Effect of phorbol myristate acetate on cerebral blood flow in normal and neutrophil-depleted rats.
Recent evidence suggests a possible role for leukocytes in ischemic brain injury. This study examined the effect of activation of endogenous circulating leukocytes on cerebral blood flow in normal and neutrophil-depleted rats.
Leukocytes were activated by rapid injection of either 50 micrograms/kg phorbol 12-myristate 13-acetate, a protein kinase C activator, or an equimolar amount of the chemotactic peptide N-formyl-methionyl-leucyl-phenylalanine, into the right carotid artery. Control rats received an equal volume of dimethyl sulfoxide in saline vehicle. H2-clearance cerebral blood flow was measured in each of the three groups and in vinblastine-treated, neutrophil-depleted rats after carotid artery injection of phorbol.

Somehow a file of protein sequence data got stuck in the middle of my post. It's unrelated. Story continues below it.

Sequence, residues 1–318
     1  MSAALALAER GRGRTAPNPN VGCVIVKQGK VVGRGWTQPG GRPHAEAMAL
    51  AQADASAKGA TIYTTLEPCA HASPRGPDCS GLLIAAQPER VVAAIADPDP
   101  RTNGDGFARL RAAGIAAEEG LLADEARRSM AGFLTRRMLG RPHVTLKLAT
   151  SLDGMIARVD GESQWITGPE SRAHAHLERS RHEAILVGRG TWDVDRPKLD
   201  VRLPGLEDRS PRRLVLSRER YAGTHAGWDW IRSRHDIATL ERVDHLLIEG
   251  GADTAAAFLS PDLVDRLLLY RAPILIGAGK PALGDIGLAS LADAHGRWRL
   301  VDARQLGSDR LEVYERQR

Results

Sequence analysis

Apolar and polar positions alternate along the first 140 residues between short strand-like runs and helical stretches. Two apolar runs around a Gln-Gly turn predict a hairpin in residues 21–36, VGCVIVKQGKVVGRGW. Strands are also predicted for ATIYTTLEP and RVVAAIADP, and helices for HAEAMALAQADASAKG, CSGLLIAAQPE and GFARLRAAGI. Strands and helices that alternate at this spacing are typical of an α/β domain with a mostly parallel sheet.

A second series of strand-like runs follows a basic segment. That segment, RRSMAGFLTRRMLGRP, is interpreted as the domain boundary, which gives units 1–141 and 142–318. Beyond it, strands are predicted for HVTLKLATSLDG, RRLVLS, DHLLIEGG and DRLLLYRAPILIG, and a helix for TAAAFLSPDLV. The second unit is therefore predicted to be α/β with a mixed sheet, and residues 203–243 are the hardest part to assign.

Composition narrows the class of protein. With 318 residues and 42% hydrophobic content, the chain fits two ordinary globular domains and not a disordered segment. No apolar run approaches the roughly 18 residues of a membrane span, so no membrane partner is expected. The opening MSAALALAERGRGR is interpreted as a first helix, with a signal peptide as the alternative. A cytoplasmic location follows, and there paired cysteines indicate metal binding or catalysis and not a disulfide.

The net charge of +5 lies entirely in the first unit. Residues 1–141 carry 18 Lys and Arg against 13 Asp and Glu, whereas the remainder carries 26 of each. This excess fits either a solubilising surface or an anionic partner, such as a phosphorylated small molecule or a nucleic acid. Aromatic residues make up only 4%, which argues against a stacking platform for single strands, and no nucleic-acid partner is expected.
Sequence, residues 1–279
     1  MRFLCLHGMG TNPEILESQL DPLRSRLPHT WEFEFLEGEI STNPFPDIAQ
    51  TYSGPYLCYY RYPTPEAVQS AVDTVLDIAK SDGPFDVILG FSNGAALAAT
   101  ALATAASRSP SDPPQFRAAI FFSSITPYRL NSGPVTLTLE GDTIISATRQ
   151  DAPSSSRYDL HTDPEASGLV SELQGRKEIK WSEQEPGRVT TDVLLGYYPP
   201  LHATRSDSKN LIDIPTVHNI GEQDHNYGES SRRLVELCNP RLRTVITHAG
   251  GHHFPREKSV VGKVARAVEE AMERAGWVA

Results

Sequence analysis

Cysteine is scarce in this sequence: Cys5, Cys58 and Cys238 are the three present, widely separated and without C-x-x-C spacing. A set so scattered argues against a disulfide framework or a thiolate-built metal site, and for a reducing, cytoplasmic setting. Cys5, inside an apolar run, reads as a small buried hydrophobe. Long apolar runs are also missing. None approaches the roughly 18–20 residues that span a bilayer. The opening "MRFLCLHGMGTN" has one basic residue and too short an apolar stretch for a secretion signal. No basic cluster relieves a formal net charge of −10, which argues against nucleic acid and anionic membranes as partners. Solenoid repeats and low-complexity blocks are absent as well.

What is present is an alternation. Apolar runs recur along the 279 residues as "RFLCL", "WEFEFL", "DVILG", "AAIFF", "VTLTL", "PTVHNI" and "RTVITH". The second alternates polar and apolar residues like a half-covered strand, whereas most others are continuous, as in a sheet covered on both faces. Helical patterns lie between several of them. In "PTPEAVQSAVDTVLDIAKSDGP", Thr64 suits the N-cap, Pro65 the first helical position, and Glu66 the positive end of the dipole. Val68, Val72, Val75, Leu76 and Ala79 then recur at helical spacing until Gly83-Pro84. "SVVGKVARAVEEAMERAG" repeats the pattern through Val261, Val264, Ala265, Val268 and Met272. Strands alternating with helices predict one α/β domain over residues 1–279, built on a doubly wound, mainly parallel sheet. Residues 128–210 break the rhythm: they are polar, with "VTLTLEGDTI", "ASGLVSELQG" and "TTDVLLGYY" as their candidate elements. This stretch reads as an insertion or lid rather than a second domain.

Phorbol 12-myristate 13-acetate dramatically decreased circulating leukocyte and platelet counts from 5 to 120 minutes after infusion and decreased regional cerebral blood flow in the ipsilateral parietal cortex from a baseline of 119 +/- 14 mL.min-1.100 g-1 (mean +/- SEM) to 49 +/- 5 mL.min-1.100 g-1 at 30 minutes (P < .05). Decreased flow persisted for the 2-hour study. Neither N-formyl-methionyl-leucyl-phenylalanine or vehicle had an effect on cerebral blood flow. In the neutrophil-depleted rats the initial decrease in cerebral blood flow at 30 and 60 minutes after infusion of phorbol was observed, but cerebral blood flow was restored to 70% to 80% of its baseline value (P > .05 versus baseline) by 90 to 120 minutes.
The early phorbol 12-myristate 13-acetate-induced decrease in cerebral blood flow may be due to the effects of protein kinase C activation on vascular smooth muscle or on platelet aggregation, whereas the persistent decrease in cerebral blood flow appears to be mediated in part by neutrophil activation.
- Copyright © 1993 by American Heart Association